Current Drug Targets (v.17, #2)
Meet Our Editorial Board Member: by Subhash C. Basu (137-137).
Editorial (Thematic Issue: Targeting Defective DNA Damage Response Signaling) by Loredana Campo, Eun-Kyoung Breuer (138-138).
Targeting the Ataxia Telangiectasia Mutated Protein in Cancer Therapy by Donatella Vecchio, Guido Frosina (139-153).
Genotoxic anticancer drugs explicate their effects damaging DNA, thus triggering a coordinated signal-transduction network called DNA Damage Response (DDR). Ataxia Telangiectasia Mutated (ATM) protein plays a central role in this response: activated by DNA damage, ATM phosphorylates itself and downstream effectors that arrest cell cycle allowing for DNA repair or, should DNA damage be too severe and not retrievable, inducing apoptosis. ATM is a worth-investigating target for tumor radio- and chemosensitization. During last years, pharmaceutical industries and research laboratories have developed a series of small molecules, capable to inhibit ATM with increasing specificity. Several preclinical studies have demonstrated that these inhibitors alone or in association with other treatments may improve therapeutic outcomes. In this review we discuss ATM inhibitors so far developed, focussing on recent acquisitions on their potential antineoplastic usefulness.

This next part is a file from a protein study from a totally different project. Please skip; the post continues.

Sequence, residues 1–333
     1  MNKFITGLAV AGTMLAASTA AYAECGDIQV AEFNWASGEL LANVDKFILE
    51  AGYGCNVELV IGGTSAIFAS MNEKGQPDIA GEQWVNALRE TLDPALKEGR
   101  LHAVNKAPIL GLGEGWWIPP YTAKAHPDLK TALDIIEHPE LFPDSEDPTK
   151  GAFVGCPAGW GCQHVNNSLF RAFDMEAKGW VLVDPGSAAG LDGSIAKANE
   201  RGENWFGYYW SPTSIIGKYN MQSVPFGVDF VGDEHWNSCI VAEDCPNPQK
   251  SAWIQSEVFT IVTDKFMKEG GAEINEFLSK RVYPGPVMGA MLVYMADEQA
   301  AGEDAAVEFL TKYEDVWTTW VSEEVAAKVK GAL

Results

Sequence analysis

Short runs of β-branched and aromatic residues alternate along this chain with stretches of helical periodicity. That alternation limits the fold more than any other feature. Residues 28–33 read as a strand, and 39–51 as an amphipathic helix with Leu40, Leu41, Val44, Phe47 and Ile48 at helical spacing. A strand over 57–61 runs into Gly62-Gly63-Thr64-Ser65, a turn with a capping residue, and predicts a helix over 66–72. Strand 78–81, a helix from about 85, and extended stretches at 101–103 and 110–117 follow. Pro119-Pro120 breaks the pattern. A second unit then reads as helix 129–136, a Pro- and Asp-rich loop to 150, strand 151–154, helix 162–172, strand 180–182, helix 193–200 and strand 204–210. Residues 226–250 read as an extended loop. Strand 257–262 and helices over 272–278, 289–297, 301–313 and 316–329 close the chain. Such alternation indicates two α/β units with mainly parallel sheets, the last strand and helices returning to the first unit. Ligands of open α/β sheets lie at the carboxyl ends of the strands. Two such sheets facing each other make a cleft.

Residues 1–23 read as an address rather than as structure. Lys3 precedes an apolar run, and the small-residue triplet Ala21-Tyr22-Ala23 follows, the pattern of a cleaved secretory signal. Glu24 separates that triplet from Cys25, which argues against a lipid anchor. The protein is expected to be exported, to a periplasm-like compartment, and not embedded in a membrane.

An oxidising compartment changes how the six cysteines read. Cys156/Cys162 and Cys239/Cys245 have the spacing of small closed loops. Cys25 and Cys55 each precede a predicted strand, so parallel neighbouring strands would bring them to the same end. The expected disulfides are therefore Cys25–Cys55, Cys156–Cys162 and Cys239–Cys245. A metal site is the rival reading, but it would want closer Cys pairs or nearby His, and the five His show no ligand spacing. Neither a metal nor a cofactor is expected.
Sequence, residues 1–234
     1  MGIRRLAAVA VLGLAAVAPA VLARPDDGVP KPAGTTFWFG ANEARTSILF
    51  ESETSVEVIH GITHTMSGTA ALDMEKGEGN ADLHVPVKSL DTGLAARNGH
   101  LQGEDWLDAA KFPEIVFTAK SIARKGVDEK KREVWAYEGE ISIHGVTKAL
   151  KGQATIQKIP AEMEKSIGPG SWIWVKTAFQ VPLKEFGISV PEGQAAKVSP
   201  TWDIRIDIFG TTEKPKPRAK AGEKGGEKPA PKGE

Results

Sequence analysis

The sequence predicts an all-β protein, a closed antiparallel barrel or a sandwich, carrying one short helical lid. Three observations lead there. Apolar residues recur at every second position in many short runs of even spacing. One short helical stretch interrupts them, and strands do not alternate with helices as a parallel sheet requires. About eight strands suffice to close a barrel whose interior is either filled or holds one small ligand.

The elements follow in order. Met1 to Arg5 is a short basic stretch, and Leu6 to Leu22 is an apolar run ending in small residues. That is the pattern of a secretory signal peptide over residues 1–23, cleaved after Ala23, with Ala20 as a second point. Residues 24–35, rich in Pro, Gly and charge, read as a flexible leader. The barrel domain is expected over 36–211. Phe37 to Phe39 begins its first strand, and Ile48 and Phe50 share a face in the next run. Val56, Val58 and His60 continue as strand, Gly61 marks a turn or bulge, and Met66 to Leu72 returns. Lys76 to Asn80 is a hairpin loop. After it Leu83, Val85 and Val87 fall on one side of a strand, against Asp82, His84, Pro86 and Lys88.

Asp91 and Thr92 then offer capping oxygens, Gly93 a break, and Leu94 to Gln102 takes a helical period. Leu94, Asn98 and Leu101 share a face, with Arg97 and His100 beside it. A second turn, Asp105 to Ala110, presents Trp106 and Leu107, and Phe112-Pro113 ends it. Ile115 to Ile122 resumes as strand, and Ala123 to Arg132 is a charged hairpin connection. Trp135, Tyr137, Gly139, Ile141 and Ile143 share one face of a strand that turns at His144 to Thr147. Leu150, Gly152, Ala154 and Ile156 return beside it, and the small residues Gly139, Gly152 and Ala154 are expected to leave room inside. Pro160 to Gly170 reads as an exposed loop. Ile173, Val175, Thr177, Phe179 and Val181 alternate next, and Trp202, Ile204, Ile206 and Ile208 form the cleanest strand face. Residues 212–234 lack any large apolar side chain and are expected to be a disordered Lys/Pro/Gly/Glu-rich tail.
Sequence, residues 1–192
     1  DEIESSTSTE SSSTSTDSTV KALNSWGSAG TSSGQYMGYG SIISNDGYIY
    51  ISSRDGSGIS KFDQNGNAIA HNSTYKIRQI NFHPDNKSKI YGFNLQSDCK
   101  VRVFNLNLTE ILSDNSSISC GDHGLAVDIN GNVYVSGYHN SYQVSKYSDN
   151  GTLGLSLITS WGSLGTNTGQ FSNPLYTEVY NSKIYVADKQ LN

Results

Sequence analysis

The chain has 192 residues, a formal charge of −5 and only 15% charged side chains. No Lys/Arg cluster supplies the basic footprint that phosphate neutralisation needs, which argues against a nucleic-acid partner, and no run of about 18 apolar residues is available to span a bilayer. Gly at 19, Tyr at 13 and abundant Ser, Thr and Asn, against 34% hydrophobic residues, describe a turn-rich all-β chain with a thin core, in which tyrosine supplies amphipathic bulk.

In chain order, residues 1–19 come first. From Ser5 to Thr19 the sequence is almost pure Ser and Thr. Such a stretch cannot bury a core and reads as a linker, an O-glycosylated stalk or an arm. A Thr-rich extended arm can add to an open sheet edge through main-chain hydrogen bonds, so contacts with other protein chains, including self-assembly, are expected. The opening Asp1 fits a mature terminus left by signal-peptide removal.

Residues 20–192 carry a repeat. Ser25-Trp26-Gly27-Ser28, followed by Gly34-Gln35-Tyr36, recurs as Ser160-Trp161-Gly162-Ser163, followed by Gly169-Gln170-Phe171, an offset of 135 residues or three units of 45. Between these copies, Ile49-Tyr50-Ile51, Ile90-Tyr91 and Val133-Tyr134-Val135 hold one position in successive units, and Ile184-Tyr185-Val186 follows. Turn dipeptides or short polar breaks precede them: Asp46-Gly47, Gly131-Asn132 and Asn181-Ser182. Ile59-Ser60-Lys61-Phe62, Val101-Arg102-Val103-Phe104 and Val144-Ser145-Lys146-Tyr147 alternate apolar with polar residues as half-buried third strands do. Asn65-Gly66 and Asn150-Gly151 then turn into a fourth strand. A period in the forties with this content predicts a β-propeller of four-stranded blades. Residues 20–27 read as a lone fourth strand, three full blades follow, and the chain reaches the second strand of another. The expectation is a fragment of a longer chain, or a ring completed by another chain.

The Role of JNK Signalling in Responses to Oxidative DNA Damage by Zeeshan Shaukat, Dawei Liu, Rashid Hussain, Mahwish Khan, Stephen L. Gregory (154-163).
The production of reactive oxygen species is a normal part of cell physiology, but many internal and external stimuli are able to trigger the production of excess levels of oxidants that are potentially damaging. The threat of oxidative damage is particularly significant to DNA, as damaged bases can interfere with replication to generate lasting mutations. Signalling through the JNK pathway is a key cellular response to oxidative damage. Depending on the intensity and duration of the damage signal, JNK signalling can lead to distinct alternative responses including DNA repair, anti-oxidant production or cell death. These responses are highly relevant to cancer therapy, as tumours are often under oxidative stress that produces elevated JNK levels and therapy often involves inducing DNA damage with the intention of driving cell death. In this review we examine the causes and consequences of JNK activation that relate to oxidative DNA damage, with a focus on the potential therapeutic implications.